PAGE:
Fortification of human milk is standard practice for feeding very low birth weight infants. However, preterm infants often still experience suboptimal growth and feeding intolerance.
Allergy to cow’s milk proteins is one of the most common food allergies in children, and it is estimated that it affects 2 to 5% of the child population under 3 years of age (Huang and Kim, 2012). Symptoms, that can manifest immediately or within a few hours of consumption, can be cutaneous (itching, hives), gastrointestinal (abdominal pains, diarrhea), respiratory (asthma) or even systemic (anaphylaxis).
Among them, donkey’s milk proved to be the best alternative in feeding infants affected by CMPA, since its chemical composition is comparable to human milk. In this work an in vitro study was performed in order to analyze the IgE reactivity to milk protein allergens from cow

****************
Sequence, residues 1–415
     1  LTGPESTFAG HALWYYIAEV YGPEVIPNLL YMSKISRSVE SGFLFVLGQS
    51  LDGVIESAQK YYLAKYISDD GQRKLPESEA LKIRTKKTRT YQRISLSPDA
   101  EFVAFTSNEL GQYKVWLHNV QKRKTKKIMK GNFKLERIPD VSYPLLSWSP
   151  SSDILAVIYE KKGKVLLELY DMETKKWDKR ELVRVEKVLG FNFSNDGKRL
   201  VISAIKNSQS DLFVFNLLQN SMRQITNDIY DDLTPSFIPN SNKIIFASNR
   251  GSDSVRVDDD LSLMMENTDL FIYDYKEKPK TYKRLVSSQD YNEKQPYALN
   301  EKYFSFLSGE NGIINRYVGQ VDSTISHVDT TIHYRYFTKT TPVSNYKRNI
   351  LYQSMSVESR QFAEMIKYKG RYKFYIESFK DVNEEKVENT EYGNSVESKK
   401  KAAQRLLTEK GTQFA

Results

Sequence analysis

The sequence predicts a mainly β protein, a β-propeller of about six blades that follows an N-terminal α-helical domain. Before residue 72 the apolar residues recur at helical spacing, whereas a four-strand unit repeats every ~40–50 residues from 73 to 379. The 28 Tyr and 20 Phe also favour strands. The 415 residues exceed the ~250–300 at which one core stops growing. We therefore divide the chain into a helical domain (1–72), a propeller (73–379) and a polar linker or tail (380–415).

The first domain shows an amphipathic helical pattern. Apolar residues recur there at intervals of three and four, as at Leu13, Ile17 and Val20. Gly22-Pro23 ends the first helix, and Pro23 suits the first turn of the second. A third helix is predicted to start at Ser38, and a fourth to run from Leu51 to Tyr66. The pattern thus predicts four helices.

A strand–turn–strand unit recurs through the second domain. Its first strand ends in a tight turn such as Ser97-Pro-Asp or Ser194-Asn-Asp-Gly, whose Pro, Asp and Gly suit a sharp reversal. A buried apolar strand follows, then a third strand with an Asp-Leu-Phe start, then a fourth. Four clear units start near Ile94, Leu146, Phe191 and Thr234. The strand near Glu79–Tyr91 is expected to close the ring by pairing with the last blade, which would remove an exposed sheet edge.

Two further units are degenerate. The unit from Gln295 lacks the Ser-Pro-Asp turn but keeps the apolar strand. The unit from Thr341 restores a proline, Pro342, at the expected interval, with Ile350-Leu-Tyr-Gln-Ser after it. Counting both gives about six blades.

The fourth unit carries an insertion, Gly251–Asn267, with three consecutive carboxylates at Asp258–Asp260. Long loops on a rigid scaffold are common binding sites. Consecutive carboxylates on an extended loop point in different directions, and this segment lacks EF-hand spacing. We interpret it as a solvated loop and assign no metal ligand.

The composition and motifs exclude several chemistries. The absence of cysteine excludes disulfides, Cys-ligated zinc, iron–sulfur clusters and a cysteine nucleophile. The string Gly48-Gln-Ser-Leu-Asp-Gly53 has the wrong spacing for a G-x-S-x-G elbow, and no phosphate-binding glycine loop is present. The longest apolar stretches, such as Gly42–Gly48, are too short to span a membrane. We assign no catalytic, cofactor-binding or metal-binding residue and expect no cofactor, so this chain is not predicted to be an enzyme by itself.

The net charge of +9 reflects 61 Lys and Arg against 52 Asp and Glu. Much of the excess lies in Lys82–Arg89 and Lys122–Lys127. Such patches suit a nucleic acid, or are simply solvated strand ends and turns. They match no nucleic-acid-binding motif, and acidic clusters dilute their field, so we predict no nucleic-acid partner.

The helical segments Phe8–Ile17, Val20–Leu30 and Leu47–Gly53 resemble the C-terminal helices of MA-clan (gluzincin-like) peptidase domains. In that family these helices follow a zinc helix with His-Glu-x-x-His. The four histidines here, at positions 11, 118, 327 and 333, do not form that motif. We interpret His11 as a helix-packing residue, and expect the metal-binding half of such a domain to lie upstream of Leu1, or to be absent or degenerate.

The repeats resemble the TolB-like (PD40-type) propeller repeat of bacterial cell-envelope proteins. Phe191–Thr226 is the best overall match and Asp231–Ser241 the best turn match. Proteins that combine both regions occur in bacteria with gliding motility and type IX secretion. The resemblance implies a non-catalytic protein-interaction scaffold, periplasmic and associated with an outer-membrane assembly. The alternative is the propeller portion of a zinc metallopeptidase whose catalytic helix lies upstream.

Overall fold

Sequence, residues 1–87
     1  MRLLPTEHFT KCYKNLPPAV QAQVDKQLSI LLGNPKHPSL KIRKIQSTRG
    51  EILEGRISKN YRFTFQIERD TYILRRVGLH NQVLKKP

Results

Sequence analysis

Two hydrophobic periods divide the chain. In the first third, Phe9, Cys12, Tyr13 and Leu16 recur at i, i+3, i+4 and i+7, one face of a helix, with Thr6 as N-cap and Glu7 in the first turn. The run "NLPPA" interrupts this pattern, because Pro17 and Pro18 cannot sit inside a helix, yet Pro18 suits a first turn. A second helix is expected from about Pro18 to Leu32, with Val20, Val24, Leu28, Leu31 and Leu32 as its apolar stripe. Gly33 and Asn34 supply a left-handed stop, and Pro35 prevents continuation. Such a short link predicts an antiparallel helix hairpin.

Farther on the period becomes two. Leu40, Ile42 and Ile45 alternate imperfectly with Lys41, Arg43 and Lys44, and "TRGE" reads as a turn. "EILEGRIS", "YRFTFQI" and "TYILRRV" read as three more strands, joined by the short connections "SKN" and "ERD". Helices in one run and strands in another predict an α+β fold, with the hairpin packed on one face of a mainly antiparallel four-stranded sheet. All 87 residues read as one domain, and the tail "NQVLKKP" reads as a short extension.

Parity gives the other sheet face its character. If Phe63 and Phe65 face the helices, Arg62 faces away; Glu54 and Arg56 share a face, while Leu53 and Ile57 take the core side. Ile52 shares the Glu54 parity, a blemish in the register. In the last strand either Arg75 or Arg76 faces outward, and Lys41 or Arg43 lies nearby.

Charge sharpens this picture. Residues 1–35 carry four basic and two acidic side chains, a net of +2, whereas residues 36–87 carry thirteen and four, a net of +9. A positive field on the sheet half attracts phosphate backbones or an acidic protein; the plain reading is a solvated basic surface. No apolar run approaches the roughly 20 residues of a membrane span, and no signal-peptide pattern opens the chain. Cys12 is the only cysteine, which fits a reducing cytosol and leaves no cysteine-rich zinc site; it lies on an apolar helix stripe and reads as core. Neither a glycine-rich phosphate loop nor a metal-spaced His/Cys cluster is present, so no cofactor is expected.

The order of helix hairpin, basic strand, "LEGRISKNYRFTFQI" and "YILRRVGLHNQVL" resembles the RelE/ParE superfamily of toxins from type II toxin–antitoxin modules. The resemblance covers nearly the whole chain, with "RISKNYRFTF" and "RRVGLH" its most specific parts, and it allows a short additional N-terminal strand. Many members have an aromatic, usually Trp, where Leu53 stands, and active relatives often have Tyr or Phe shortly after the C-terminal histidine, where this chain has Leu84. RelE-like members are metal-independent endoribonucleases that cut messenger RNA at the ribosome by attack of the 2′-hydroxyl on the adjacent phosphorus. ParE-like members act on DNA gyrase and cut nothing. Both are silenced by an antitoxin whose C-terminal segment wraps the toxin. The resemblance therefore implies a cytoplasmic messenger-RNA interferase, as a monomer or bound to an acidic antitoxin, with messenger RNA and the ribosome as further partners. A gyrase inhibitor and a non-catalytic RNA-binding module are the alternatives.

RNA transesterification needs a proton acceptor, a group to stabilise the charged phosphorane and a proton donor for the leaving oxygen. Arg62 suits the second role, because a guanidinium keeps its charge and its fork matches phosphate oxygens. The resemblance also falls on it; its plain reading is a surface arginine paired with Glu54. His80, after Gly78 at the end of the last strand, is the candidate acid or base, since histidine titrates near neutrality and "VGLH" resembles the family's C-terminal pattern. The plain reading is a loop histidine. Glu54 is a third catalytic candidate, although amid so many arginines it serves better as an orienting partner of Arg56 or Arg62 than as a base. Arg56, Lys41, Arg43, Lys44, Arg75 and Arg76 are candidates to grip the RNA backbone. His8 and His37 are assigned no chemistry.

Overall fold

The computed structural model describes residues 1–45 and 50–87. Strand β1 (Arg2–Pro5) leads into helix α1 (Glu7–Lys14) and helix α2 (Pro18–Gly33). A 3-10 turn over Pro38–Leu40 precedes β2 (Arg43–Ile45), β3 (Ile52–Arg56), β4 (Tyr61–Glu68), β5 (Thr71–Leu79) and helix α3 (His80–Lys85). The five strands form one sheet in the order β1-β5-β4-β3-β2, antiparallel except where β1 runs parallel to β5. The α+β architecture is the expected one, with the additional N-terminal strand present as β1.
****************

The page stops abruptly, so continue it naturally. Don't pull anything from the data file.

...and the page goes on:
Different nutritional components are able, by modulating mitochondrial function and gut microbiota composition, to influence body composition, metabolic homeostasis and inflammatory state. In this study, we aimed to evaluate the effects produced by the supplementation of different milks
Donkey’s milk could be considered suitable for feeding young children affected by severe IgE-mediated CMPA because its nutritional properties and composition are very close to human milk.